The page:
Ahhhh....the Spice Islands! The local Zanzibar cuisine is a fusion of wonderful flavours and aromas where visitors can experience African, Arab, Indian, Goan and Chinese influenced traditional food.
Seafood is freshly caught and visitors will find spicy Zanzibar specialities are created around the catch of the day which could be Lobster, Kingfish, Prawns, Crabs, Octopus and Squid. Coconut is also a popular ingredient in many dishes.
Celebrations, Music and Events in Zanzibar
This is a local form of music with a mix of sounds and styles from Africa, India and Arabia. Audience participation is part of the event. Show times and venues are broadcast on the radio, but visitors can ask at hotels and restaurants for information.
This is a traditional African dance with singing and is set to fast rhythmic drumming. Visitors will need to ask at hotels and restaurants for information on public shows - some restaurants offer Ngoma on its own or combined with Taarab (these shows are very long so be prepared).
This festival occurs at the end of Ramadan which happens at a different time each year and so a local Islamic calendar will need to be consulted for the dates.
Sauti Za Busara Swahili Music and Cultural Festival:
This festival showcases the diversity and wealth of Swahili music and takes place during the first 2 weeks of February in Stone Town.
Zanzibar International Film Festival:
This forms part of the Festival of the Dhow in East Africa and occurs in July annually in Stone Town.
Zanzibar Music Festival:
Featuring artists and shows from around the world, this festival happens in July annually and runs for about a week in Stone Town.
Taking place in the Stone Town harbour, the Dhow races occur in July annually. Visitors should enquire locally for information on dates and the best viewing spots.
This celebration lasts 4 days, usually from around the 3rd week of July, taking place in a small village called Makunduchi located in the south of Unguja / Zanzibar Island.
International Triathlon and Marathon:
These popular events draw participants from Africa, Asia and Europe to Unguja / Zanzibar Island. Both races cover Olympic distances and take place in wonderful locations in early November.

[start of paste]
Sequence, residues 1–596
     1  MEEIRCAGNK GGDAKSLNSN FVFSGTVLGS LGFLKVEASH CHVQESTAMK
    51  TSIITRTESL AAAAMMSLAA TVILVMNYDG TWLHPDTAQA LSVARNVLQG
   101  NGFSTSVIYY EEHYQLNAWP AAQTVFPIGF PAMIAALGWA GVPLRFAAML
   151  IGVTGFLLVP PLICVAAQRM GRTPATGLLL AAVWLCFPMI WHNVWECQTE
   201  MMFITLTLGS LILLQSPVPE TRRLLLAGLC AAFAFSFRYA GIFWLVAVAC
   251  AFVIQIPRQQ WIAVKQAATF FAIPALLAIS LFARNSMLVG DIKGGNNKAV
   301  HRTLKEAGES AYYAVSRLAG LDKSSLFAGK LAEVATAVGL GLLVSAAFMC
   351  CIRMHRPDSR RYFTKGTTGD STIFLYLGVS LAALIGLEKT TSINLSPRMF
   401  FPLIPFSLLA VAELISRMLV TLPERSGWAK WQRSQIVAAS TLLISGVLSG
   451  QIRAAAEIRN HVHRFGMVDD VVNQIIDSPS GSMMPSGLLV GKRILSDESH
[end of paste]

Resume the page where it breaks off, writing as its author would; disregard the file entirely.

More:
- 1 Jan: New Year's Day
- 1 May: Worker's Day
- 12 Jan: Zanzibar Revolution Day
- 26 Apr: Union Day
- 5 Feb: CCM Foundation Day
- 7 Jul: Peasant's Day
- 9 Dec: Tanganyika Independence Day
Other holidays that vary from year to year include the Muslim Festivals of Ramadan and the Prophet's Birthday, and Good Friday and Easter Monday from the Christian calendar.
Tips for Travellers in Zanzibar
With the rise in tourism to Zanzibar, visitors need to be aware they are in a culture that may differ greatly from their own, the people are welcoming and friendly and care should be taken not to offend the traditional values of the local people or harm the environment.
Zanzibar is close to the Equator and it never gets really cold, so light clothing is advisable - however, visitors should dress modestly when not on the beach. Women in particular are advised not to expose too much leg or wear skimpy tops and topless sunbathing is a no-no.
Out and about:
Non-Muslims are asked not to enter any of the mosques in Zanzibar. When taking photographs of the local people it is a courtesy to ask their permission first. Visitors with children are also asked to be discreet with expensive toys in front of local children who in all likelihood come from quite a different background.
Visitors are asked not to pick up any shells whilst snorkelling, or purchase any from those selling them as this encourages the destruction of entire coral reefs, a problem now evident in other popular areas along the East African coast.
These Zanzibar accommodation options are only a few of the fantastic Zanzibar Hotels and Resorts. Ask your Siyabona Africa Consultant for more options to suit your needs.
Enquiries / Questions